A Coke-coffee hybrid. Plus, changes at MDC Partners and OMD: Wednesday Wake-Up Call
MDC Partners cuts costs, and Omnicom Group's OMD streamlines
Welcome to Ad Age’s Wake-Up Call, our daily roundup of advertising, marketing, media and digital news. You can get an audio version of this briefing on your Alexa device. Search for "Ad Age" under "Skills" in the Alexa app.
What people are talking about today
Coca-Cola Co. tested a Coke-coffee blend in a few countries already, and now it will bring the product to 25 markets, CEO James Quincey said in an earnings call on Tuesday. Some people seem skeptical. As someone tweeted: “I like Coke. I like coffee. I also like tuna and brownies, but a tuna brownie sandwich is hard pass.”
So, we have questions: Is it more coffee-ish or more Coke-ish? Is it bubbly or flat? Sadly, because we like answers, Yahoo Finance reports that for now there are no plans to launch it in the U.S.
MDC Partners has its headquarters on New York's Fifth Avenue, upstairs from Bergdorf Goodman. There’s a grand piano in the building’s lobby.
But MDC Partners’ new Chairman and CEO Mark Penn is looking to trim costs at the struggling holding company, Ad Age’s Judann Pollack and E.J. Schultz report, and fancy real estate doesn’t make sense to him. Penn wrote in a memo to execs: “We need to invest in state-of-the art digital products and offerings—not bloated real estate palaces—so we can put more money into scarce talent (in that vein, I am putting the 745 Fifth Avenue space up for sublet so we can move into some of the extra space in NY).” Some company will be happy to snag this space; did we mention it’s steps away from Central Park?
“Omnicom Group media agency OMD USA is cutting five senior executive positions, including its regional presidents and chief marketing officer role, in a streamlining move,” Ad Age’s E.J. Schultz reports. The agency says the U.S. regional roles hark back to OMD’s creation in 2002 and are “no longer consistent with how clients expect agencies to operate today—borderless, frictionless, and fluid.”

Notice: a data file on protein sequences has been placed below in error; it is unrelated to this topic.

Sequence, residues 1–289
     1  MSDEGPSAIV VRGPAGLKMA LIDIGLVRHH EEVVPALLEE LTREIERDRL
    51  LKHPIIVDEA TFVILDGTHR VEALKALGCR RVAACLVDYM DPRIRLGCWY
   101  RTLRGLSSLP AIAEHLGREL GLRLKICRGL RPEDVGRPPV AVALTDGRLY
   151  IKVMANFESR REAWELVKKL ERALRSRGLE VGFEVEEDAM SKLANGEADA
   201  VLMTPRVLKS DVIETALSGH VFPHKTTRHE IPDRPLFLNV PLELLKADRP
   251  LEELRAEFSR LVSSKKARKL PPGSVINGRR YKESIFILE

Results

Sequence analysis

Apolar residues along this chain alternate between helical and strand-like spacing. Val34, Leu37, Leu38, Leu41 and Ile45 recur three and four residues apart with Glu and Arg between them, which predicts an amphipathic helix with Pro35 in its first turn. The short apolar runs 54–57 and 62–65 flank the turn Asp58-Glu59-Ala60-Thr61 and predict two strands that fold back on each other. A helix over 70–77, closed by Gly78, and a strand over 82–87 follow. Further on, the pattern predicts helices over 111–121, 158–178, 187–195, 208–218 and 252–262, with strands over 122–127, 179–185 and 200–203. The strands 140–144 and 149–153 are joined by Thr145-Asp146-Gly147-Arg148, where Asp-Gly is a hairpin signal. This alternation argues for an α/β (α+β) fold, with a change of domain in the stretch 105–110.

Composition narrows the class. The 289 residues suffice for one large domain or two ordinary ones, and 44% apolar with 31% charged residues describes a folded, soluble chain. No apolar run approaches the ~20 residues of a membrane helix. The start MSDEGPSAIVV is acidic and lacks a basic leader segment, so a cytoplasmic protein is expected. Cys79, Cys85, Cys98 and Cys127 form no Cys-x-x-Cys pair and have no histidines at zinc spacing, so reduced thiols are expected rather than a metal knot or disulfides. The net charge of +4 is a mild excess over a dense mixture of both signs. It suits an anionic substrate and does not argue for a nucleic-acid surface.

CBS Corp. has suspended its search to find a new CEO; it will keep acting CEO Joe Ianniello in the role through the end of 2019, while “buying time for the company to decide if it wants to merge with Viacom Inc.,” Bloomberg News reports. Ianniello stepped into the role after longtime CBS boss Les Moonves was hit by multiple claims of sexual misconduct. Some analysts interpret this as a sign that CBS and its sister company Viacom are likely to pair up. One Bloomberg writer opines that the CBS CEO search was “an unnecessary distraction from an inevitable conclusion.”
Summit: President Trump summoned Twitter CEO Jack Dorsey for a talk. And a “significant portion of the meeting focused on Trump’s concerns that Twitter quietly, and deliberately, has limited or removed some of his followers,” The Washington Post reports, citing an unnamed source. Twitter cites regular cleaning up of spam accounts.
Wins: Home security company ADT tapped McCann Worldgroup as its lead strategic and creative agency after a review. Read more by Ad Age’s Adrianne Pasquarelli.
Podcast of the day: Jason Harris, president and CEO at Mekanism, talks about why he likes boxing as a workout. “You kind of get into it," he says, "and you enjoy getting hit after a while, which is a really weird thing to say.” It's on this week’s episode of Ad Age Ad Block, hosted by Ad Age’s I-Hsien Sherwood and Alfred Maskeroni.
Headline of the day: “Germ-Killing Brands Now Want to Sell You Germs." Bloomberg Businessweek reports that companies including Clorox and Unilever are investing in microbiome research and startups. ("A growing body of research into the human microbiome [shows] that some bacteria are not only good but also vital," it notes.)
Ad of the day: Twinings, the tea brand, set some new ads in the 18th century, back when founder Thomas Twining was still around. Yes, there are period costumes and powdered wigs, but the intent is to highlight the brand’s heritage with comedy, not snootiness. And it's not every day you see brands cracking jokes about the plague. Read more by Ad Age’s Jessica Wohl, and watch the spots here.